King. And wherefore should these good news make me sick?
Will Fortune never come with both hands full,
But write her fair words still in foulest terms?
She either gives a stomach and no food –
Such are the poor, in health; or else a feast
And takes away the stomach – such are the rich,
That have abundance and enjoy it not.
I should rejoice now at this happy news;
And now my sight fails, and my brain is giddy.
O me! come near me; now I am much ill.
Glou. Comfort, your Majesty!
Clar. O my royal father!
West. My sovereign lord, cheer up yourself, look up.
War. Be patient, Princes; you do know, these fits
Are with his Highness very ordinary.
Stand from him, give him air, he'll straight be well.
Clar. No, no, he cannot long hold out these pangs.
The incessant care and labor of his mind
Hath wrought the mure that should confine it in
So thin that life looks through and will break out.
Glou. The people fear me, for they do observe
Unfather'd heirs and loathly births of nature.
The seasons change their manners, as the year
Had found some months asleep and leapt them over.
Clar. The river hath thrice flowed, no ebb between,
And the old folk (time's doting chronicles)
Say it did so a little time before
That our great-grandsire, Edward, sick'd and died.
War. Speak lower, princes, for the King recovers.
Glou. This apoplexy will certain be his end.
2 Henry VI, 4.4.102-30
In 1405, Henry IV ordered the beheading of Richard Scrope, Archbishop of York, because of Scrope’s involvement with the Earl of Northumberland’s rebellion. At the moment of the execution, Henry’s chroniclers say, the King broke out in leprosy, inaugurating a chronic illness that would plague the remainder of his rule and ultimately kill him in 1413. Some early chroniclers said it was the hand of God reaching into English history to smite Henry for his sins against Scrope and Richard II before him, but Shakespeare’s sources, Hall and Holinshed, lessen Henry’s “leprosy” to “apoplexy,” swapping a medieval, theological reading of the disease for a modern, physiological account. Rather surprisingly, therefore, when Shakespeare went to write his second tetralogy, he encountered a situation reminiscent of writing the Richard III of the first tetralogy: a king whose bodily affliction had been stigmatized with meaning.
Shakespeare’s representations of stigma are about making our diseases, deformities, disabilities, differences, and the like signify our personal, social, and existential situations: they are about the actual making of that meaning, not the actual meaning itself but the making of it, its construction by characters who are situated in psycho-social relationships with stigma. Thus, in 2 Henry IV, Shakespeare did not symbolize Henry’s disease as much as he dramatized the ways we make sense of our afflictions – alternately theological or figural and medical or causal – actually offering us the conflicting interpretations of Henry’s illness before showing us the diseased King himself. First, Shakespeare gives us Falstaff’s causal reading, a pathology which cites Galen and attributes Henry’s apoplexy to stress. Second, Shakespeare has Richard Scrope himself articulate a figural reading, saying that Henry’s illness is the sign of a sick society, one that chose Henry over Richard II, and one that must bleed its disease out in the form of Northumberland’s rebellion. It is true that many in the dramatis personae of 2 Henry IV are diseased, not just the king, but also Falstaff, Northumberland, Bullcalf, and Mowbray. Moreover, when King Henry finally takes the stage, he himself conceives of Northumberland’s rebellion as a diseased corpus mysticum. When Henry’s sons squash Northumberland’s uprising, therefore, Prince John is certain the news will lighten his father’s heart, but in Shakespeare’s play it is this good news that actually triggers the apoplexy that eventually results in the king’s death. And again, Shakespeare emphasized the interpretation of disease over the disease itself. First, like Falstaff, one son (Thomas, Duke of Clarence) produces a medical reading, claiming that the king’s mental fatigue caused his apoplexy. Second, like Scrope, another son (Humphrey, Duke of Gloucester) produces a magical reading, listing the omens that have foretold the king’s death (a reading the first son, Thomas, then adopts). Both worldly and otherworldly, Shakespeare’s representation of stigma in the second tetralogy assumes the quality of “figural realism,” as it did in the first tetralogy, except that the first tetralogy leaned toward the figural, theological, metaphorical, magical, and medieval aspects of this mixed mode while the second leans toward the realistic, medical, metonymic, natural, and modern aspects. In the first tetralogy, naturalistic thinking breaks into an enchanted world; in the second, magical thinking hangs around in a disenchanted world. That is, with respect to stigma, Shakespeare – like the Fortune that King Henry laments – “will never come with both hands full.” With stigma, Shakespeare wrote his fair words still in foulest terms. He never gave us only the figural or only the realistic depiction of stigma; he wrote the fair words of the realistic reading in the foul terms of the figural reading. With Shakespeare, the realist reading retains even as it rejects the figural reading.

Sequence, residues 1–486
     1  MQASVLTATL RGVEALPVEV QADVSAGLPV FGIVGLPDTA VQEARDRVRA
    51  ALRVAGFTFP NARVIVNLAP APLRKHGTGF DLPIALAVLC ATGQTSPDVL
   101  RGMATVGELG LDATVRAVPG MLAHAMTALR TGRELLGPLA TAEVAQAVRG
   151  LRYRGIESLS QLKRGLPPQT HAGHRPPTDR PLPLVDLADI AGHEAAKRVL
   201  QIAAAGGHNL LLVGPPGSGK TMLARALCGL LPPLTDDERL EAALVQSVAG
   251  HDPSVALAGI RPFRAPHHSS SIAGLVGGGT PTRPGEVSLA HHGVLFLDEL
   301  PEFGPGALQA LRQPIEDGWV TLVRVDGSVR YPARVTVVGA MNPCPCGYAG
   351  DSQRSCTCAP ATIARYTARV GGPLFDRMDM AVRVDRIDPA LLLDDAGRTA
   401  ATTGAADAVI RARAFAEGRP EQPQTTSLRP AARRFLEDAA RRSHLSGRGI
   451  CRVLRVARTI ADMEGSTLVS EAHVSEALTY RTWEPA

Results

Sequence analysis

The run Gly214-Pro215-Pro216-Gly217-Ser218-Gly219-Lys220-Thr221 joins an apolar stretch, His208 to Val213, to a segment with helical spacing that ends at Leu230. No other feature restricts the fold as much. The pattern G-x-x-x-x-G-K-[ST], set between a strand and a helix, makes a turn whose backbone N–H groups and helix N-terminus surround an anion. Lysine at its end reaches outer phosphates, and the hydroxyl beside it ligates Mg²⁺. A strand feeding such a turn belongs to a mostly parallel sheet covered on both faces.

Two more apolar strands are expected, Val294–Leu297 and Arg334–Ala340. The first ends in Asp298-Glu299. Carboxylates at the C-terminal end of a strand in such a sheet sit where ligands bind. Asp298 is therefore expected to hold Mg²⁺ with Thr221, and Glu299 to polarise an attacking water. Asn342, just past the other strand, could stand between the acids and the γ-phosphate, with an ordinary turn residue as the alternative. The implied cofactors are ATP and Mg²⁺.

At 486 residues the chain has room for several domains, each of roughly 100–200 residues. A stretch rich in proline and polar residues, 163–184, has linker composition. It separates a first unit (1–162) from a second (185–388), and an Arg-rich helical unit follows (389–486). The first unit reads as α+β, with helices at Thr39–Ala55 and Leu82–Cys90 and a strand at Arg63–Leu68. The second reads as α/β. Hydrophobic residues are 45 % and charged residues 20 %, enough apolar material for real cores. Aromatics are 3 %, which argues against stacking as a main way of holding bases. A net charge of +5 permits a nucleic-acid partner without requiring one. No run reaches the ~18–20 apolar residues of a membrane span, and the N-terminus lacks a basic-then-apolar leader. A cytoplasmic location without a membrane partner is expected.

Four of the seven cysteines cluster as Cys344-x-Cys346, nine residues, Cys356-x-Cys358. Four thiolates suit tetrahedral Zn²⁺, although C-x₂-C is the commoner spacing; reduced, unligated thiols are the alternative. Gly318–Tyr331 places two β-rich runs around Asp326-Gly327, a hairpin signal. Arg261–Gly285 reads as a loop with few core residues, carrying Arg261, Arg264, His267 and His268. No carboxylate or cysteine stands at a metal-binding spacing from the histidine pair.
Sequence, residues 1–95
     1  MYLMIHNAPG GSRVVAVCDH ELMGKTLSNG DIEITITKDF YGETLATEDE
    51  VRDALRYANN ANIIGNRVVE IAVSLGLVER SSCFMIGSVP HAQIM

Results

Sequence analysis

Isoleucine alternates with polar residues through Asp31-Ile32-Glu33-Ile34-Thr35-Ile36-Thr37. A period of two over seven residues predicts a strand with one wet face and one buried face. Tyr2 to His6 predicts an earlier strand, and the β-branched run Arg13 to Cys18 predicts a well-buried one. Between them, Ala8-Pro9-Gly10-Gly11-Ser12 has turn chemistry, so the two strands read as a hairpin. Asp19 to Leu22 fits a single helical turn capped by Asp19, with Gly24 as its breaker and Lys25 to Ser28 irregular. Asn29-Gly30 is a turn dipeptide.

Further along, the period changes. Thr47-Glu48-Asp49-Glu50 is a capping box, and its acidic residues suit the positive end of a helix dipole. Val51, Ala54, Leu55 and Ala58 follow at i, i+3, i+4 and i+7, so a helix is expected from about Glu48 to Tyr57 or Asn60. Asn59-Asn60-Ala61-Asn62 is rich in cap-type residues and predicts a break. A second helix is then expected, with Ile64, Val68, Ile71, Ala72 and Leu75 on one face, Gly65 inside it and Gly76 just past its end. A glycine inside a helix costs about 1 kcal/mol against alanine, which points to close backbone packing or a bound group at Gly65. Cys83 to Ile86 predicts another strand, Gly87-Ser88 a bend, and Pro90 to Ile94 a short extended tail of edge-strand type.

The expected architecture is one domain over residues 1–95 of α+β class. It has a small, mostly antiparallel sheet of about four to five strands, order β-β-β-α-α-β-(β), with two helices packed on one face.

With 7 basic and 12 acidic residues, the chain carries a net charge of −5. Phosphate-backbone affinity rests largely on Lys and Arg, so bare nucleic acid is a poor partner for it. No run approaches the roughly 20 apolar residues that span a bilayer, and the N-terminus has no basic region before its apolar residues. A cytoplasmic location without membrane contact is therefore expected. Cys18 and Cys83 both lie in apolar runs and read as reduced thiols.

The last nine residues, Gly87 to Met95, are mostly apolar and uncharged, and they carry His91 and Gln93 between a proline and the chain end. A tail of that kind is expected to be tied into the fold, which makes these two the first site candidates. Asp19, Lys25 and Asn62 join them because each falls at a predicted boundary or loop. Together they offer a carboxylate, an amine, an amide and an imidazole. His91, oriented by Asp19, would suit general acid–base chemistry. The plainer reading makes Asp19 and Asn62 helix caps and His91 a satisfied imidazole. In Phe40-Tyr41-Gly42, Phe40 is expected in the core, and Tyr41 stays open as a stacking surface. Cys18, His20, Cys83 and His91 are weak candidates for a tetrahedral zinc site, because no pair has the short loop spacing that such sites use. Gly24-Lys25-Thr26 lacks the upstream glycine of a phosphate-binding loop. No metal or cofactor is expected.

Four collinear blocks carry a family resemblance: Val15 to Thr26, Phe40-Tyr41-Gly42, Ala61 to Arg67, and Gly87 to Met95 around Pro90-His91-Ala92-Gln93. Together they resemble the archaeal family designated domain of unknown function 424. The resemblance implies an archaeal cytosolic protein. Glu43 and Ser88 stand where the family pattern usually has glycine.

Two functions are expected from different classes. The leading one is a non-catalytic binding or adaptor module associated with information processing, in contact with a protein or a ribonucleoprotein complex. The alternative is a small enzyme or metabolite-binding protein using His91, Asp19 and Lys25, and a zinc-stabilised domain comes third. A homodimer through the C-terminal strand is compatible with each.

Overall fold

McNiven, Peter. “The Problem of Henry IV's Health, 1405-1413.” The English Historical Review100.397 (Oct., 1985): 747-72.
Reid, Pauline Ellen. "Giddy Lies the Head that Wears the Crown: Apoplexy and Political Spectacle in 2 Henry IV." Early Modern Literary Studies 19.1 (2016): https://extra.shu.ac.uk/emls/journal/index.php/emls/article/view/96.